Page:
The Trump administration today announced new list of countries restricted under the travel ban. This is the third version of the controversial executive order. It will go into effect on Wednesday, October 18, 2017.
Chad, North Korea, and Venezuela are added to the list of banned countries.
No longer on the list is Sudan. EDIT: Chad was removed in 2018.
The remaining banned countries are Iran, Libya, Syria, Yemen, Somalia.
The imposed restrictions differ per country:
– North Korea, Syria: no entry for immigrants and non-immigrants.
– Yemen, Libya: no entry for immigrants as well as for non-immigrants traveling on business and tourist visas.
– Somalia: no entry for immigrants. Non-immigrants will face enhanced screening and vetting requirements.
– Iran: no entry for immigrants and for non-immigrants. Holders of valid student and exchange visitor visas are for now excepted from the ban.
– Venezuela: no entry for certain government officials and their immediate family members on some business and tourist visas.
Currently immigrants and non-immigrants from Iran, Libya, Syria, Somalia, Yemen, Sudan are banned unless they can prove a bona fide relationship with a person or with an entity. Individuals eligible for this exception can apply for a visa until October 18.
The new executive order is not limited time-wise, but “indefinite” and “condition based”.
The order gives Consular Officers the discretion to waive restriction on a case-by-case basis.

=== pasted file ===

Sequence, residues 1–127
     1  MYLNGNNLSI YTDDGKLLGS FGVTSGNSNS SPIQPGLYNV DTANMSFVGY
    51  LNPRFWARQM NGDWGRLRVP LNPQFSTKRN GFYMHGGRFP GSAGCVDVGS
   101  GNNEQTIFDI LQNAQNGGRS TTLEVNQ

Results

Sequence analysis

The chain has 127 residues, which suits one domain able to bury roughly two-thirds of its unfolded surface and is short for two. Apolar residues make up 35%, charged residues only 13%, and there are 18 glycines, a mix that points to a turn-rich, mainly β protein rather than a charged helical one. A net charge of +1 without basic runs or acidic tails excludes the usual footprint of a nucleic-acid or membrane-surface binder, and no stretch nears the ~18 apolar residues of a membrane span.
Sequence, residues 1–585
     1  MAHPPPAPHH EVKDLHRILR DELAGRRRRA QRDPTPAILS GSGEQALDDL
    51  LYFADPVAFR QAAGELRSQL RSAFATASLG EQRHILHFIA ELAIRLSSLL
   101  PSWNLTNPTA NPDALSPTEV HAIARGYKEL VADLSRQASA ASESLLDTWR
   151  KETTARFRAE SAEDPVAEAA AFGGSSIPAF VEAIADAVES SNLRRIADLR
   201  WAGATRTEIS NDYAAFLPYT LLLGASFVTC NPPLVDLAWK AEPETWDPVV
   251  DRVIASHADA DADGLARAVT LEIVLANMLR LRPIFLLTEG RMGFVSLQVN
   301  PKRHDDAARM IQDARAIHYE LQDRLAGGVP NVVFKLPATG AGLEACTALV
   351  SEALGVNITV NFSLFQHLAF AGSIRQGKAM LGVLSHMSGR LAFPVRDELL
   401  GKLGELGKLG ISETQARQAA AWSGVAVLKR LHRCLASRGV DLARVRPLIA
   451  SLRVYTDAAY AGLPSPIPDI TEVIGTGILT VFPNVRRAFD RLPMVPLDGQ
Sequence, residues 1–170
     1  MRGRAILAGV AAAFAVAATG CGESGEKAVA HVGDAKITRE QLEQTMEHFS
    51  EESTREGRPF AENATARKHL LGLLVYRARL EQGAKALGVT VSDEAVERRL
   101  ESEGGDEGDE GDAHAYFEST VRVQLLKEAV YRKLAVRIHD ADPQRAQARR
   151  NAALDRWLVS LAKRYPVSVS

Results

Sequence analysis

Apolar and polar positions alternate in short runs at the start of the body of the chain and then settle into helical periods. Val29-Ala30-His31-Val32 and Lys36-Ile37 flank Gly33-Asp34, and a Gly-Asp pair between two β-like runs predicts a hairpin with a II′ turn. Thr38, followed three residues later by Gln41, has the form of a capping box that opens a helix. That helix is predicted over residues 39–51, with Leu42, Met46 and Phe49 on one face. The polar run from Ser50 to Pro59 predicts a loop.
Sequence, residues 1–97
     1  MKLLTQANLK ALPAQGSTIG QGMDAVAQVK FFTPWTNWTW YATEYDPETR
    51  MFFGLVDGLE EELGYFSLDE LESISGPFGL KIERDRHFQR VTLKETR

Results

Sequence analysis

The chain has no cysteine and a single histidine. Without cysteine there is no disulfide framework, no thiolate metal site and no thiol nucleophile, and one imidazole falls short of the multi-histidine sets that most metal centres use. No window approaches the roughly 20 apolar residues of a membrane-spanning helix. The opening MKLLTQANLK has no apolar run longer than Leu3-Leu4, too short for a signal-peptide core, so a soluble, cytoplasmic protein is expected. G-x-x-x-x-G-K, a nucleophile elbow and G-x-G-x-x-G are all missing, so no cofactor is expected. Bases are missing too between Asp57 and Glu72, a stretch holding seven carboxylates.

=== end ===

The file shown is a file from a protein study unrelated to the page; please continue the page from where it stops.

A revised version of Prez Trump’s travel ban goes into effect today. The restrictions will affect visitors from Syria, Iran, Libya, Sudan, Yemen and Somalia.
The travel ban is for 90 days. Unless it is renewed, the ban expires on September 27, 2017.
Reinstatement of the ban is the result of a recent decision by the US Supreme Court. The Court announced it will hear arguments for and against the travel restrictions in October.
Nationals from the six countries “with a credible claim of a bona fide relationship with a person or entity in the US” can be excepted from the rule. Examples of people with “bona fide” ties are: immediate relatives or close family members of a US citizen or Permanent Resident, students accepted at a US college or university, foreign workers hired by a US employer.
Which others can also qualify is unclear. The Court’s opinion leaves room for more exceptions on a case-by-case basis.
A temporary ban against nearly all refugees, regardless of origin, was also put in place today. This ban is for 120 days and will expire on October 27, 2017, unless it is renewed. Exceptions are possible for people with “bona fide” ties (see before).
Exempt from the bans are: Green Card holders, people in the US on a Non-Immigrant Visa, dual nationals, people granted asylum, refugees already admitted or cleared for travel to the US.
For DV-Lottery winners: the State Department announced that visas already approved will not be revoked. Previously scheduled Visa Interview appointments will not be cancelled.